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CASE REPORT
Aggressive type of central giant cell granuloma in a woman on hormone replacement therapy: a histopathological insight

Abstract

Quite a few lesions of the oral cavity specifically of the gingiva have a greater inclination towards women and mostly occur during the first four decades of life, the cause of which may be credited to the changing levels of sex hormones. Out of all such lesions, one lesion whose aetiology is still unclear and which originats from the periosteum or periodontal ligament is central giant cell granuloma. Repeatedly, it is has been described as a reactive lesion, the cause of which may be secondary to local irritants or trauma, specifically plaque or calculus, which is not considered to be a true neoplasm. Here we present a case of a 51-year-old female patient with aggressive gingival growth within 10–13 months of hormonal replacement therapy. The aetiology, histological features and appropriate treatment are discussed in the light of current literature.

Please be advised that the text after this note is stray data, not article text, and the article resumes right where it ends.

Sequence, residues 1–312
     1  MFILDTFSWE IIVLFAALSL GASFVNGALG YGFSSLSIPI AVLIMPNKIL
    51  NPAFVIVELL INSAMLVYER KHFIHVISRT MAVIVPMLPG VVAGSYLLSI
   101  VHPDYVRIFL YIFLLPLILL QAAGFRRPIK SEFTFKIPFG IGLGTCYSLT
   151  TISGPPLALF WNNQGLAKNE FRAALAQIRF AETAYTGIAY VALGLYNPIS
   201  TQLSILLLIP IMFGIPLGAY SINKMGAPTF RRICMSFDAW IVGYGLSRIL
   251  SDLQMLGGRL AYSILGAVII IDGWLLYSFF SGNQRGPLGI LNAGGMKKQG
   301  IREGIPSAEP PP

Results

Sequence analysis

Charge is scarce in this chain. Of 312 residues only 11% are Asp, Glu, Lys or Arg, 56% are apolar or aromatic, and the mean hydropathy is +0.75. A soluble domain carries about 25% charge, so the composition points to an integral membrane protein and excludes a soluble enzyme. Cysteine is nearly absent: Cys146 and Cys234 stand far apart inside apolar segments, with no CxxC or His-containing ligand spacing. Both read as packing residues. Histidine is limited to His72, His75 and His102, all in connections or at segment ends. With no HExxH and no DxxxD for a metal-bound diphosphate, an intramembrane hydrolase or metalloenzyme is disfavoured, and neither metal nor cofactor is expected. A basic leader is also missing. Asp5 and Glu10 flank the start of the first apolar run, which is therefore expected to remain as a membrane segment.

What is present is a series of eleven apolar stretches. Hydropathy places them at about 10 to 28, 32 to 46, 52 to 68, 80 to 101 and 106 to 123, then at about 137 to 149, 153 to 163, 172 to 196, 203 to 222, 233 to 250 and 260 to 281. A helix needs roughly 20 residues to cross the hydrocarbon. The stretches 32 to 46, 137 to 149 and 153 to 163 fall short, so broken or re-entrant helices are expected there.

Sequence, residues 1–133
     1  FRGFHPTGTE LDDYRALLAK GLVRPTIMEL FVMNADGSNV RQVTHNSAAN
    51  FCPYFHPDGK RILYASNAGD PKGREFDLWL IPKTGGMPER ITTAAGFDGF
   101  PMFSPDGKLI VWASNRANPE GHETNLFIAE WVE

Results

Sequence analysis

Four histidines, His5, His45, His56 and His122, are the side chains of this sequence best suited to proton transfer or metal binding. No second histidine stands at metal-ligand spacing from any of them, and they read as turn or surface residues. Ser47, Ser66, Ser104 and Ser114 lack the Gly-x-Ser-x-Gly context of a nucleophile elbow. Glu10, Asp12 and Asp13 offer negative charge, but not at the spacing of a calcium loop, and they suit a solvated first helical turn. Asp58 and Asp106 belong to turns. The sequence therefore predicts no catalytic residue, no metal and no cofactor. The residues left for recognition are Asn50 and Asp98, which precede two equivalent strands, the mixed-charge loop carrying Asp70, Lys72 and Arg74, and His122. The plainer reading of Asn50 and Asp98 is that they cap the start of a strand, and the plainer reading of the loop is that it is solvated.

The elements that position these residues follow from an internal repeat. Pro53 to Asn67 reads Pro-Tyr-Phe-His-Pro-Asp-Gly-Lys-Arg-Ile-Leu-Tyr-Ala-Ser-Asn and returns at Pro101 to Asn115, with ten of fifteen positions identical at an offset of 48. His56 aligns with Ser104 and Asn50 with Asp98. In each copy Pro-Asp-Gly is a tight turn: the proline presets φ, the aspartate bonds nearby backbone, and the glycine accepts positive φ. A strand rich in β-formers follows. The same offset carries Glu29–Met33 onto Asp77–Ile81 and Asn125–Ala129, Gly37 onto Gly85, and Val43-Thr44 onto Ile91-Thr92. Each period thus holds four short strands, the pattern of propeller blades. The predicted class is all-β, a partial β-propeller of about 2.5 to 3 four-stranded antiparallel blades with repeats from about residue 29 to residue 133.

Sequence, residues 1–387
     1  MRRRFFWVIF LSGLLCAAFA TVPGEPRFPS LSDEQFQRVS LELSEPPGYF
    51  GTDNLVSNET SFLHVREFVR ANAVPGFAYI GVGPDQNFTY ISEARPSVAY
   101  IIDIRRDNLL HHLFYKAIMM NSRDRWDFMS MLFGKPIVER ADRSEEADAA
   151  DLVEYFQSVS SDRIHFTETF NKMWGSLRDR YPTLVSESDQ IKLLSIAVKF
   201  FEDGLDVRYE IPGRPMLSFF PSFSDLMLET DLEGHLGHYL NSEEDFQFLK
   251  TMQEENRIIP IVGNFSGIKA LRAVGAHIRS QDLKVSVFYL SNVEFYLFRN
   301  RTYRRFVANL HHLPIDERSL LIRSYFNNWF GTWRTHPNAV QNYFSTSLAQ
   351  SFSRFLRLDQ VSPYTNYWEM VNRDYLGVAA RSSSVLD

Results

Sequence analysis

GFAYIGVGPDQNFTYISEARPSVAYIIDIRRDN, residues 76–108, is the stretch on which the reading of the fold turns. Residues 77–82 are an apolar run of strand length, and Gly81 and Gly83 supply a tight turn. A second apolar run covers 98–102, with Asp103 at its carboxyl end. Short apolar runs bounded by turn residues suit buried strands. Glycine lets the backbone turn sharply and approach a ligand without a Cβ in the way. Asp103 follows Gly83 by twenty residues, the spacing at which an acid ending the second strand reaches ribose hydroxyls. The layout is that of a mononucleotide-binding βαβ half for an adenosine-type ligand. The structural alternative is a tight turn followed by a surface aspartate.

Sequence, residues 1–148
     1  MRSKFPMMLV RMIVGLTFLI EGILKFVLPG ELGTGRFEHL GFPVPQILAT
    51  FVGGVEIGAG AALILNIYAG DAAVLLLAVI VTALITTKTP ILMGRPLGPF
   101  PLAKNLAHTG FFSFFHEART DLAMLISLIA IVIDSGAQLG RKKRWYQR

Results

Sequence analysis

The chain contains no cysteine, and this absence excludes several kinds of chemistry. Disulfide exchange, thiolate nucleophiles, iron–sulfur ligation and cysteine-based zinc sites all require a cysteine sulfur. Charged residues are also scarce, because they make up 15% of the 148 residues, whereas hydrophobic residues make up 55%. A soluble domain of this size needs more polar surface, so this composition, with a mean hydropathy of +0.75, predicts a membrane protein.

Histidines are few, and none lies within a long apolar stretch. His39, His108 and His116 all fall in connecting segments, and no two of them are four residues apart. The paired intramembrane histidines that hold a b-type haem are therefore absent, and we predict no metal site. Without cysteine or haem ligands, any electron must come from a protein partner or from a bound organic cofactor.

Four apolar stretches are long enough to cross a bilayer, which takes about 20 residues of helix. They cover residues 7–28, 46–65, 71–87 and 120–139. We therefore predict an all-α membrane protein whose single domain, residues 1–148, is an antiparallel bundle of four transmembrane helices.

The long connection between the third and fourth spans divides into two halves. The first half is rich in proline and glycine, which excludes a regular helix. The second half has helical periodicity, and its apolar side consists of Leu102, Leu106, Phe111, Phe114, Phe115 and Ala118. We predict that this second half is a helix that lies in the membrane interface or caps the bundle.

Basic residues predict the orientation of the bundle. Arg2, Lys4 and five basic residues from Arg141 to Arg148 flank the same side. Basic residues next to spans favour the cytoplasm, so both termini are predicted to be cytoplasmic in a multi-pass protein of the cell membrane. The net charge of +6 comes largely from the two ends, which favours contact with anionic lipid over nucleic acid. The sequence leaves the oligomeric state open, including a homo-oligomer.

• dentistry and oral medicine
  • endocrine system
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